A federal judge in California has paused a trial in which the FTC is seeking $4 billion from AT&T and will allow the telecom to file for a partial judgment.
U.S. District Judge Haywood S. Gilliam Jr. said there is a “substantial issue” in regard to the FTC’s calculations of its $4 billion “unjust gains” calculation. The judge gave AT&T attorneys two weeks to file briefings, further poking holes in that math.
The trial over the Federal Trade Commissions lawsuit began two weeks ago in Oakland, California. The agency filed suit against DirecTV in 2015, before AT&T closed on its purchase of the satellite TV operator. The FTC alleges that from 2007 to 2015, as 33 million customers signed up for satellite service, DirecTV didn't adequately disclose that a discounted 12-month video package requires a 2-year contract, and the monthly bill increases by as much as $45 in the second year of the agreement. DirecTV is also accused of not informing customers that they’d be subject to a $480 fine if they broke their contract, or that charges for premium channels would kick in after three months.
At issue are the calculations that led the FTC to conclude that AT&T owes $4 billion. According to subscription legal news platform Law360, University of San Francisco economics professor Daniel Rascher took the stand on the 10th day of the trial last week. Rascher is the fellow enlisted by the FCC to come up with the “unjust gains” calculations. And his rigorous cross-examination by AT&T attorneys appears to have influenced the judge into considering AT&T’s motion for a partial judgment.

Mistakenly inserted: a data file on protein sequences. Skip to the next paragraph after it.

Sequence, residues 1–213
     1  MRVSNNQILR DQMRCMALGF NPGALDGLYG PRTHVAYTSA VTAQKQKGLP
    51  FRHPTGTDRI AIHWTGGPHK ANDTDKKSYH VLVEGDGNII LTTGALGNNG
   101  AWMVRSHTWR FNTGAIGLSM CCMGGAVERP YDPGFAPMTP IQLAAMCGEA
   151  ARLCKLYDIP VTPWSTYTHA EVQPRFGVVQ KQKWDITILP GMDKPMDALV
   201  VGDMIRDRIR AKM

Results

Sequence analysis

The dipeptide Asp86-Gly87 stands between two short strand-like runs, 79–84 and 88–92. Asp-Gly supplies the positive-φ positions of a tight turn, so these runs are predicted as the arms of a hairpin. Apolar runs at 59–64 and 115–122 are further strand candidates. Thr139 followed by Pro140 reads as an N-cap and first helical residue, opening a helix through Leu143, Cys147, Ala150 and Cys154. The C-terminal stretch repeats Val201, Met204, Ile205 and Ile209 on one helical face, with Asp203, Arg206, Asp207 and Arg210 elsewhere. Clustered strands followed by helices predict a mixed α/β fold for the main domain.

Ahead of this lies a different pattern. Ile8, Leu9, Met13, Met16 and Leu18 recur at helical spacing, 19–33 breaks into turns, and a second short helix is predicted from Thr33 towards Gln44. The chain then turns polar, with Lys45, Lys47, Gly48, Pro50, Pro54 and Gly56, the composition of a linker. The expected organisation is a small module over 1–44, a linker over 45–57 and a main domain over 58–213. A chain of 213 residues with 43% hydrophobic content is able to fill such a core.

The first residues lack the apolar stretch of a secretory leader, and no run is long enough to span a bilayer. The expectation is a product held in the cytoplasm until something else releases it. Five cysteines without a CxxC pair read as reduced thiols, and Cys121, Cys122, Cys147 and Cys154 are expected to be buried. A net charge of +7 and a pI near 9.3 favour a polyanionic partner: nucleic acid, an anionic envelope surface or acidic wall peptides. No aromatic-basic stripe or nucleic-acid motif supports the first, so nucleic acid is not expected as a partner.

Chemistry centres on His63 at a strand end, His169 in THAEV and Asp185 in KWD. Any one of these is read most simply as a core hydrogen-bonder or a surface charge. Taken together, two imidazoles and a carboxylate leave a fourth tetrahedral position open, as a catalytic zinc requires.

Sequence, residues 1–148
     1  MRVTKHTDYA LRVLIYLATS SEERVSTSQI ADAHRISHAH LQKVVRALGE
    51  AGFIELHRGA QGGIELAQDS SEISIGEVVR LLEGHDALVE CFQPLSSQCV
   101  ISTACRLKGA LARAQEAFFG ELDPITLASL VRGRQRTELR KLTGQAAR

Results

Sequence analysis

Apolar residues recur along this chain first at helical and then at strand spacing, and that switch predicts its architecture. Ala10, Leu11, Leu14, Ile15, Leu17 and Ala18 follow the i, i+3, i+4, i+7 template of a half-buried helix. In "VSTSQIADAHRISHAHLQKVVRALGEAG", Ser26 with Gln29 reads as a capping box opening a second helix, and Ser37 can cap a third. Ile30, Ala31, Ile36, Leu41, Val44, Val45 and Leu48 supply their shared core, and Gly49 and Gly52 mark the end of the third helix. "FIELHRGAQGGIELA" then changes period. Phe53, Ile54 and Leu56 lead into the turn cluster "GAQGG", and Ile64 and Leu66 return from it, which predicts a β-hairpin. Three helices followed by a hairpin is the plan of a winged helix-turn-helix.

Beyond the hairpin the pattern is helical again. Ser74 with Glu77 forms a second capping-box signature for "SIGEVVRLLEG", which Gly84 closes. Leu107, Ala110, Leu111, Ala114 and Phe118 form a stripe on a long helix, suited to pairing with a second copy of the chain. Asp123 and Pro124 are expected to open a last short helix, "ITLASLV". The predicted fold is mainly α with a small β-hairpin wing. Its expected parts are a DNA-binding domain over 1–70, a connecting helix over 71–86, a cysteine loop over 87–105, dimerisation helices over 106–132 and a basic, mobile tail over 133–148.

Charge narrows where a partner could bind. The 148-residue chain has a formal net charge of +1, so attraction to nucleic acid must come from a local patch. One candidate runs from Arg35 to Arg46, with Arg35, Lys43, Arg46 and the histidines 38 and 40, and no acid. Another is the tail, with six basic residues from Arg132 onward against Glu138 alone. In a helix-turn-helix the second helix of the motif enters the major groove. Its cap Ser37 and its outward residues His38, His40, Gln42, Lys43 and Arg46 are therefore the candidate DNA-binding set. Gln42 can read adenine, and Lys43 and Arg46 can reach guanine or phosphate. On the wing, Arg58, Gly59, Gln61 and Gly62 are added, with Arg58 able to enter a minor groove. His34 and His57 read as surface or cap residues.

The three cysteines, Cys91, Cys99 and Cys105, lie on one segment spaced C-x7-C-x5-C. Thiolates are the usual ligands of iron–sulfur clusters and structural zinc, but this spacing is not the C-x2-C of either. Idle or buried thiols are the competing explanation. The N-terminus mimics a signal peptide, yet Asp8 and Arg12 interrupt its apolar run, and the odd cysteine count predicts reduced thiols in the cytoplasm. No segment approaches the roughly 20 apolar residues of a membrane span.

Specifically, Rascher had to explain to the court how he determined what portion of DirecTV’s $30 billion in revenue from 33.5 million customers came from unjust gains made through false advertising.
According to Law360, AT&T attorney Pete Marketos repeatedly questioned the professor on whether he surveyed actual customers or did any kind of analysis to determine if and how those customers were deceived by the ads.
“I’m not into interpreting ads,” Rascher responded. “I’m not a marketing professor.”
The trial attorney also sought to pin the professor down on what portion of the $4 billion unjust gains calculation was directly attributable to customers who misinterpreted advertising. Rascher said he hadn’t yet made those calculations because he hadn’t been asked to do so.
"But when would that occur?” the judge asked Rascher. “The trial is about to be over. When would that analysis be done, if it hasn’t been done yet?”
AT&T said in a statement that the company has always believed that the FTC suit was without merit.
"We continue to feel that way today," the company stated.